Do you wake up feeling more tired than when you went to bed the night before? Are headaches, nasal congestion or sore throats just part of your morning routine? Is it hard to remember the last time you slept well or woke up without feeling stiff and sore? If you find yourself nodding, “Yes,” to these questions, it’s possible that your bedroom is making you sick.
01 of 10
After a long, hard day, you probably let out a sigh of relief when your head hits the pillow. Unfortunately, pillows quickly build up excessive amounts of health busters such as bacteria, mold spores, and dust mites, leading to allergy symptoms such as a sore throat, headache, and congestion. Pillows should be replaced at least once per year if they aren’t washable. Use an anti-allergy cover to protect your pillow, and change the pillowcase every few days.
If it’s not allergy symptoms, but headaches, stiff neck or sore shoulders that bother you in the morning, your pillow could still be to blame. Over time, pillows lose support and shape, leaving your head out of alignment with your spine. If your pillow doesn’t spring back to its original shape after being folded in half, or it’s a foam pillow with an indentation of your head permanently etched in place, it’s time for a replacement.
02 of 10
While houseplants add a powerful punch of colorful interest to your bedroom—and even help purify the air— if you tend to overwater them, not only will your plants eventually succumb to root rot, but it’s quite likely that their soil will become home to mold spores that can trigger allergic symptoms in those susceptible to asthma or airborne allergies. The solution is simple—only water houseplants when the top of the soil is dry, and never leave them sitting in a tray of water.
03 of 10
Sure, Fido and Mittens are beloved family members, but when it comes to bedtime, they are better off in their own cozy beds, not sharing yours. Not only are pets likely to disrupt your sleep, but their fur is full of allergens such as dander, dust, pollen, mold spores and bacteria. Give your four-footed friends their own beds next to yours, and you are all likely to sleep better.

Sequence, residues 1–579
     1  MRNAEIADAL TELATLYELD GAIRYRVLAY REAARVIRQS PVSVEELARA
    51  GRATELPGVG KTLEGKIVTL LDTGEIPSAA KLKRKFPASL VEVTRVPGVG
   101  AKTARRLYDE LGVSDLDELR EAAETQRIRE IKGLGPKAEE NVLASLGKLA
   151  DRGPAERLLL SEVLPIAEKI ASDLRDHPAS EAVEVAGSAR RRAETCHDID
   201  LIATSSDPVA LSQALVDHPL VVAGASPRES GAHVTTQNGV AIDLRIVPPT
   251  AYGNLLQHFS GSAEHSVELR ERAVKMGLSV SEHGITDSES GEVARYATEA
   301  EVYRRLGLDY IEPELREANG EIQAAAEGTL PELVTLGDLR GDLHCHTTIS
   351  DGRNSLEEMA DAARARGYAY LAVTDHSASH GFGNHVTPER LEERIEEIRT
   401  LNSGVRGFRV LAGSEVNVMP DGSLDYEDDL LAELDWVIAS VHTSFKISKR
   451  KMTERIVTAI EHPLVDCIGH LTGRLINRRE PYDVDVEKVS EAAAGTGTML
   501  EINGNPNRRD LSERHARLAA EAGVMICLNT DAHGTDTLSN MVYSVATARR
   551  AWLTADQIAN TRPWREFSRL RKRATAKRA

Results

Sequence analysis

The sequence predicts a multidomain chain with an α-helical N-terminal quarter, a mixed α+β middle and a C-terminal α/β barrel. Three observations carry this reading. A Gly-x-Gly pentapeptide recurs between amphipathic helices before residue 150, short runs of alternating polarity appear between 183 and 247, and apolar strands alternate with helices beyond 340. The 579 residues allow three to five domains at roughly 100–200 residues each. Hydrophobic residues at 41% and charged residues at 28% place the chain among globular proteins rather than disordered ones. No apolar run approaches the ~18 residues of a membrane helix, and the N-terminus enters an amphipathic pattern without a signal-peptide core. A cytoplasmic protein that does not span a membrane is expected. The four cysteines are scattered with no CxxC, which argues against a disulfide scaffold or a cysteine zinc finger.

04 of 10
While candles are undeniably romantic, and great decorating touch in the bedroom, if you burn scented candles frequently, you risk less-than-sexy side effects. Scented paraffin candles can release harmful chemicals such as benzene and toluene as they burn, while the scent itself is an irritant to those with chemical sensitivities. You can minimize the risk by burning beeswax or soy candles, staying away from candles with metal-center wicks, and keeping a window cracked open while the candle is burning.Continue to 5 of 10 below.
05 of 10
The Vacuum Cleaner
Although your vacuum cleaner is the easiest way to tackle dust bunnies in the bedroom, if you are using a vacuum without a HEPA filter, you could be sucking up dust, pollen, dirt, and grime, only to have it spray right back out into your bedroom air. Look for a vacuum cleaner with HEPA filters that contain even the smallest particles, and if the vacuum uses bags, make sure those are made from HEPA material as well.
06 of 10